Warehouse automation can help improve accuracy, efficiency and reliability, and save labour costs. Most warehouse operations need to pay high labour costs. According to inbound logistics data, 65% of the warehouse’s operating budget belongs to labour costs. The annual expenditure for a warehouse with 100 employees is nearly $4 million. With this in mind, it makes sense for logistics companies to consider using automated warehouse processes.
How does warehouse automation work?
Warehouse automation works by automatically collecting data and controlling inventory. The warehouse control system uses the necessary hardware equipment and software systems to coordinate all operations. Here is how to achieve:
1. Barcode label:
Barcode labels are the basis of warehouse automation. Warehouses track items through them. Barcode labels can accurately capture data and eliminate errors in tracking or shipping items. The use of barcodes helps inventory tracking, restocking planning, improving picking efficiency, traffic optimization, and reducing stock-outs.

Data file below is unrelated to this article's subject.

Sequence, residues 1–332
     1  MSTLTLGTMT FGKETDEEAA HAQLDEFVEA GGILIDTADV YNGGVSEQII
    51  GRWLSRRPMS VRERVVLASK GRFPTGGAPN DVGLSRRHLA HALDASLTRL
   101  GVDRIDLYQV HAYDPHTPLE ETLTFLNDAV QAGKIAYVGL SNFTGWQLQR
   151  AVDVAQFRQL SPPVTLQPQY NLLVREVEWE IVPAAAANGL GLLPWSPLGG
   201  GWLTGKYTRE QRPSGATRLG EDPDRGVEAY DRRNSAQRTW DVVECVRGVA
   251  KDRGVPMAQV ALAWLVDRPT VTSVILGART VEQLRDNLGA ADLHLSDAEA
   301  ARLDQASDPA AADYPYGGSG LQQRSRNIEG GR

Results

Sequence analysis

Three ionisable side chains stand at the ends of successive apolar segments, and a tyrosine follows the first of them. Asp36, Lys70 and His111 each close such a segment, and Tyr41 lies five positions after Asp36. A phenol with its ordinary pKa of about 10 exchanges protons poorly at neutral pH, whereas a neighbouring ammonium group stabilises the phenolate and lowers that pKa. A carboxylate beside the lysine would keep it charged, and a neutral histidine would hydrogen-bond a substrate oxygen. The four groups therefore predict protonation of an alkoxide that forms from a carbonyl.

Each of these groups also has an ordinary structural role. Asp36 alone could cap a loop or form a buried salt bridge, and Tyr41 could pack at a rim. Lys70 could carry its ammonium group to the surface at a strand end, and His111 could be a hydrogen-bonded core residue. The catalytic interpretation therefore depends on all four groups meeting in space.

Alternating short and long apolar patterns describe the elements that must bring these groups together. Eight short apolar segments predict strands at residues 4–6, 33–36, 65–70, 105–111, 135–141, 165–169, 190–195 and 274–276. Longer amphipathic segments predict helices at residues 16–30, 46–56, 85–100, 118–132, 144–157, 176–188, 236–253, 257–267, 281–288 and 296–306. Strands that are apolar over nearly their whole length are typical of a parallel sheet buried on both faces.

2. Inventory Management System (IMS):
Check inventory levels, product information, and storage locations in real-time, thereby providing companies with high-level inventory control.
3. Automatic storage and retrieval system (AS/RS):
AS/RS consists of machines that move up and down on optimized aisles to retrieve or place items. They provide improved inventory control and item tracking. They can also ensure that the warehouse is better arranged vertically and horizontally, thereby saving inventory.
The key elements of AS/RS include storage and retrieval machines, automated guided vehicles (AGV), frame structure, and warehouse control system software (WCS). All these components work together to receive, place, pick up, pack, and ship items along an optimized route.
4. Hardware equipment:
Use the necessary hardware to help retrieve data from barcode labels and monitor activities, otherwise, warehouse automation will not be possible. Commonly used devices are portable data terminals, stationary computers, bar code scanners, rugged tablet computers, and label printers.